WI transportation secretary defends budget, answers questions - WAOW - Newsline 9, Wausau News, Weather, Sports

WI transportation secretary defends budget, answers questions

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WAUSAU (WAOW) -- Wisconsin's secretary of transportation stopped in Wausau Thursday afternoon to defend the governor's budget.

Mark Gottlieb says the new budget, which spends $6.5 billion on transportation over the next two years, is good for the state. He says the money will fund major projects like widening 1-39 from Illinois to Madison, but that most of the money will help maintain the roads the state already has.

"Our bread and butter is really preserving and maintaining the condition of the 12,000-mile state highway network," said Gottlieb.

Gottlieb also says the new budget will help repay money to the transportation fund that lawmakers took over the last few years to help balance the general budget.

"The governor had made a commitment in the campaign that he was not going to do those raids anymore," said Gottlieb. "There are none of those raids in the budget. In fact, we have started the process to the tune of about $150 million of paying that money back."

Several of Newsline 9's Facebook friends also submitted questions for Gottlieb.  Nate Nelson asked, "Why don't they quit wasting money on these stupid roundabouts?"

Gottlieb said the state is currently conducting a study with UW-Madison to see how its 100+ roundabouts are working. But in the meantime, Gottlieb says roundabouts are important.

"Roundabouts have been shown to be considerably safer than other types of signalized intersections," said Gottlieb. "They just reduce injury and fatality accidents enormously."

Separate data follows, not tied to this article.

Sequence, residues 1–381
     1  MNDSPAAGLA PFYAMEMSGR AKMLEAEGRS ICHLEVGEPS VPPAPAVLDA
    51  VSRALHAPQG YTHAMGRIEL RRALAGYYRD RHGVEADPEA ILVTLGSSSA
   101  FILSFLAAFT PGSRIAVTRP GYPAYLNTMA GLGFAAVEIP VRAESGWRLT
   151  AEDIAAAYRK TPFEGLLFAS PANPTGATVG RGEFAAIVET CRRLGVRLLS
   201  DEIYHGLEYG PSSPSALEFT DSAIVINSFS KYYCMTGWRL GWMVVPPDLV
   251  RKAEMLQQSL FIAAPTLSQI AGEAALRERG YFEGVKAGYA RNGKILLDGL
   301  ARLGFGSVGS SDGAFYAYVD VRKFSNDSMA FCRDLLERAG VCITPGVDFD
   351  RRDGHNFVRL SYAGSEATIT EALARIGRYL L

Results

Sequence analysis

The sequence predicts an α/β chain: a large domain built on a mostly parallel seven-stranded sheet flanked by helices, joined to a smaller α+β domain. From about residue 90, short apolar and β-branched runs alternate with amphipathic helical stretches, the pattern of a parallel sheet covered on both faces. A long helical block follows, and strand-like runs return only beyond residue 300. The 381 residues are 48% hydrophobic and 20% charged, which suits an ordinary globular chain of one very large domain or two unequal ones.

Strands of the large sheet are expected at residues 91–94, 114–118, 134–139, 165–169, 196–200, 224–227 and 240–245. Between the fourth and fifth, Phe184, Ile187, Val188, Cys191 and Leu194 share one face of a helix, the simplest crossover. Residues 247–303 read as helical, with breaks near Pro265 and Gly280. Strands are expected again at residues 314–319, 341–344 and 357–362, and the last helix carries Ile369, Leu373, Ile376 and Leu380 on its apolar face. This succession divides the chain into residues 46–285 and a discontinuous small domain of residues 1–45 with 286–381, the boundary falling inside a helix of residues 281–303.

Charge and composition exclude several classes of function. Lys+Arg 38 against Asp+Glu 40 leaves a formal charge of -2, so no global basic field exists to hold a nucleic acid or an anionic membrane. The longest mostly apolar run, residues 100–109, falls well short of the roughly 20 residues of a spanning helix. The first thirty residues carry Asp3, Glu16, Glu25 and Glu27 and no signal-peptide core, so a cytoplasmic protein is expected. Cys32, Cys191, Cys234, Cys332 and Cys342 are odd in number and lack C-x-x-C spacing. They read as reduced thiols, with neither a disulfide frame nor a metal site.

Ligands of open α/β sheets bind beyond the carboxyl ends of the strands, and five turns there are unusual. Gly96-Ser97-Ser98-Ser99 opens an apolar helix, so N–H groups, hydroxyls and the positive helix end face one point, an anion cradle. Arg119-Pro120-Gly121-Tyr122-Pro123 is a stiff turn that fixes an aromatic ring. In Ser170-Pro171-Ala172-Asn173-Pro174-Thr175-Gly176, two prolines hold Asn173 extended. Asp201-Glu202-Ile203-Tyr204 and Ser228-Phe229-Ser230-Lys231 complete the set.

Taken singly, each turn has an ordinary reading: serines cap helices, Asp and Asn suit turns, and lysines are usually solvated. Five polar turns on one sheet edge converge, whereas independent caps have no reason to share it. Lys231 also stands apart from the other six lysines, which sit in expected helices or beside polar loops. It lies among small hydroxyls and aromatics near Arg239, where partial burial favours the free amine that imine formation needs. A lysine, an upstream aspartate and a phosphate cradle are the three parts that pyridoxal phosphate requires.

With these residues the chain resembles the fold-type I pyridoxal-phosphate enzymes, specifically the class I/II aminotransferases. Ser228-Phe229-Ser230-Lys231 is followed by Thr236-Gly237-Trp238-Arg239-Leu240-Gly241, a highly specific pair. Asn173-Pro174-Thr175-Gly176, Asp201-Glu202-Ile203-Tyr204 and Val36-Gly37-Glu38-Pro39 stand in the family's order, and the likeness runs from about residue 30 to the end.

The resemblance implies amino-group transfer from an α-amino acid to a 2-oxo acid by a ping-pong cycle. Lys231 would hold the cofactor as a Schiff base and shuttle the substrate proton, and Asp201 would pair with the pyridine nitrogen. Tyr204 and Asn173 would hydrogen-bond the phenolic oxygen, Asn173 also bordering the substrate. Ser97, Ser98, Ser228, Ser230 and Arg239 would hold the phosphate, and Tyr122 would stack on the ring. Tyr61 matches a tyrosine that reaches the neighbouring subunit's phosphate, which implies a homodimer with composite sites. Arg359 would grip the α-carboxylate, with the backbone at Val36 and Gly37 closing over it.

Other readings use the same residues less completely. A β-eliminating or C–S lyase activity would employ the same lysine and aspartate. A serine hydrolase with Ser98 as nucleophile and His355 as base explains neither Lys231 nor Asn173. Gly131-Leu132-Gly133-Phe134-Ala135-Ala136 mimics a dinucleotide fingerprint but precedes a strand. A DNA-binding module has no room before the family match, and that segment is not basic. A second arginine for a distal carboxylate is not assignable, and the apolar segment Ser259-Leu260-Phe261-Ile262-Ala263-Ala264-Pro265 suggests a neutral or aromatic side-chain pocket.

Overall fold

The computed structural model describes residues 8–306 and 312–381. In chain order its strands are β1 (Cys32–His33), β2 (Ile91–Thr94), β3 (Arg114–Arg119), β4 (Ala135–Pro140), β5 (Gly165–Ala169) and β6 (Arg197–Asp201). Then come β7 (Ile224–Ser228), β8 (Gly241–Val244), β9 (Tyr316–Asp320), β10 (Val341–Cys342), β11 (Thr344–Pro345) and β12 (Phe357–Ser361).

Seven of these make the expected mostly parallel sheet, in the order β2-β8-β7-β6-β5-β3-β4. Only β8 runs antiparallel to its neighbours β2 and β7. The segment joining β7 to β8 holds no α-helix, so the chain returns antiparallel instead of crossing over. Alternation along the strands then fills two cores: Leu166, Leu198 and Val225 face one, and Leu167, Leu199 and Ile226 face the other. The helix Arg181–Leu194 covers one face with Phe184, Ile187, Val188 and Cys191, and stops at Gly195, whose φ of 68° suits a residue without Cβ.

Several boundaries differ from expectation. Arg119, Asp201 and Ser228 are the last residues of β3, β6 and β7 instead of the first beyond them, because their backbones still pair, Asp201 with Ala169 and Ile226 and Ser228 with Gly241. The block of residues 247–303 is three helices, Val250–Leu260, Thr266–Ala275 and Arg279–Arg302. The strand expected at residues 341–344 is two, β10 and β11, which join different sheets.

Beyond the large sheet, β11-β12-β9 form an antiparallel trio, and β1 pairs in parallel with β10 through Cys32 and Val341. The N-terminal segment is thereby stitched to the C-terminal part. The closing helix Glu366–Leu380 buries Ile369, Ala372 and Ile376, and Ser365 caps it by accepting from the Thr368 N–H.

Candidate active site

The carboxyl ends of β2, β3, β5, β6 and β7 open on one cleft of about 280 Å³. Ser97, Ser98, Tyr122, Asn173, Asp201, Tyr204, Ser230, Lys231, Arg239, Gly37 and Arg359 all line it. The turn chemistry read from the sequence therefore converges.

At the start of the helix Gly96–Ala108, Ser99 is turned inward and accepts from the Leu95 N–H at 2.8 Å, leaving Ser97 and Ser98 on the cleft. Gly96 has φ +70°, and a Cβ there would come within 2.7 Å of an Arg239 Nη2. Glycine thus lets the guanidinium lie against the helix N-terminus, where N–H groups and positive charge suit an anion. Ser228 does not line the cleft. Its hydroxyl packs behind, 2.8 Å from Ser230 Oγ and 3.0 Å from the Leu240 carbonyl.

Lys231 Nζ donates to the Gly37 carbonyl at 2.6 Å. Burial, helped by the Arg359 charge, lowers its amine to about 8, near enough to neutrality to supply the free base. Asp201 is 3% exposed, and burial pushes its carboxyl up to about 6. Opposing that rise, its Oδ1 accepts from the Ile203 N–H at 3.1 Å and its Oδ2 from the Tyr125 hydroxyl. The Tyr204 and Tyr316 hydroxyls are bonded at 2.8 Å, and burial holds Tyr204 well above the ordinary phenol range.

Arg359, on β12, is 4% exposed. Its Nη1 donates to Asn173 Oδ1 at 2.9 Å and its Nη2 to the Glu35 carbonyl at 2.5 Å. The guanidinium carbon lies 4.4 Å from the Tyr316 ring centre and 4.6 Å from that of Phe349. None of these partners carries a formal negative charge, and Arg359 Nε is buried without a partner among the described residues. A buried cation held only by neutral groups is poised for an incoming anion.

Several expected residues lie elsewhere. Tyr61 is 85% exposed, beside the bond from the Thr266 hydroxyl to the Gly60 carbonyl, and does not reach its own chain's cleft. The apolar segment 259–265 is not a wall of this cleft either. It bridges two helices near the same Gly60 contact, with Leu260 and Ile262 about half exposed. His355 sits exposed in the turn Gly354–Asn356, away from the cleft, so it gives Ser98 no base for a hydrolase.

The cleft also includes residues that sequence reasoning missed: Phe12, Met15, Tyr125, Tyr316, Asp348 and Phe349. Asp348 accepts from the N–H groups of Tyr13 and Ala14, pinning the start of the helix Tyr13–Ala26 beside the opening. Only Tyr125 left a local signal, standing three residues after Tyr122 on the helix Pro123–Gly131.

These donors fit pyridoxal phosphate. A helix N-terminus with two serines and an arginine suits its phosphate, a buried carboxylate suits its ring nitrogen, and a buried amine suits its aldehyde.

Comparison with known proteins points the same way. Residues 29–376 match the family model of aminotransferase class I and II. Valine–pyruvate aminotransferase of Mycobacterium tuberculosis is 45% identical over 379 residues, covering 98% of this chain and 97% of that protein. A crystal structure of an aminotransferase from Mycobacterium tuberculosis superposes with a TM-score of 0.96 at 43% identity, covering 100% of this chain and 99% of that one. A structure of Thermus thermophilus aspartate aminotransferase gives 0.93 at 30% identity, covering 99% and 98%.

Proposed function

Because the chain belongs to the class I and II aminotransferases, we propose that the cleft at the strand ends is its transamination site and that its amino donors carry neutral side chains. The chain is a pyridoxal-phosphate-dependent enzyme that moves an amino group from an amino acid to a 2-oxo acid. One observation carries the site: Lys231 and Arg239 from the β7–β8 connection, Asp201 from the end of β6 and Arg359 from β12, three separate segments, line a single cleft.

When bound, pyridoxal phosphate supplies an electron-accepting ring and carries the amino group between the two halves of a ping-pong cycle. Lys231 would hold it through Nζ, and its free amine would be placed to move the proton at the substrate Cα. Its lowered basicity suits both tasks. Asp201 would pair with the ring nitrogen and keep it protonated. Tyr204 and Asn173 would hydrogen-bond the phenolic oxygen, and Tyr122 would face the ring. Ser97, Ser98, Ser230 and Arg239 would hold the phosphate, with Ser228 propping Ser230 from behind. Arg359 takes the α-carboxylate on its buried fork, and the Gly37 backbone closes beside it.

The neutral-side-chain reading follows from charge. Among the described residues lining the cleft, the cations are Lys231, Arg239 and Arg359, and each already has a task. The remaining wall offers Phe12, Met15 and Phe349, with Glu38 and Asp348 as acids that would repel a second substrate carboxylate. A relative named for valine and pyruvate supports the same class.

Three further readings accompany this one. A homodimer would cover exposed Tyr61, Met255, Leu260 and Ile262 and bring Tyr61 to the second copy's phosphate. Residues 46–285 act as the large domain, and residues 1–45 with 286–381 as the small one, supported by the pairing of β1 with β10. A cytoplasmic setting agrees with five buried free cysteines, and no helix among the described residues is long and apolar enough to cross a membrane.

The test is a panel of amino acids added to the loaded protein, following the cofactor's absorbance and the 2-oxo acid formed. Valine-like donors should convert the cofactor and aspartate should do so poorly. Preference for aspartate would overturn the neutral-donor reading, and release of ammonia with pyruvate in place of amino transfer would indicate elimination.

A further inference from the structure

Another Newsline 9 Facebook friend, Donna Bates, told Gottlieb to "mow the sides of the roads." She said it makes the state ugly and contributes to the amount of deer killed.

Gottlieb agreed the state has not maintained its highways very well.

"It's been a challenge for us over the years," said Gottlieb. "We don't think we've been investing enough in maintenance."

But, Gottlieb added, the new state budget increased highway maintenance funding by $25 million.

Finally, Newsline 9 Facebook friend Paula Hersant-Yarie asked Gottlieb why the state wanted to "make road projects that cost over $100,000 be done by private contractors?"

Gottlieb said that's "a policy decision" the Legislature made in the new budget. He said it's about making sure there is a fair system of competition.

"You want to make sure that you're doing work in the most cost-effective way possible," said Gottlieb. "But on the other hand, you want to sort of have a dividing line between work that really should properly and appropriately be done by private contractors."

Gottlieb also said the practice of hiring private contractors helps ensure the public sector isn't unfairly taking work away from private sector competitors.

Online Reporter: Daniel Woodruff

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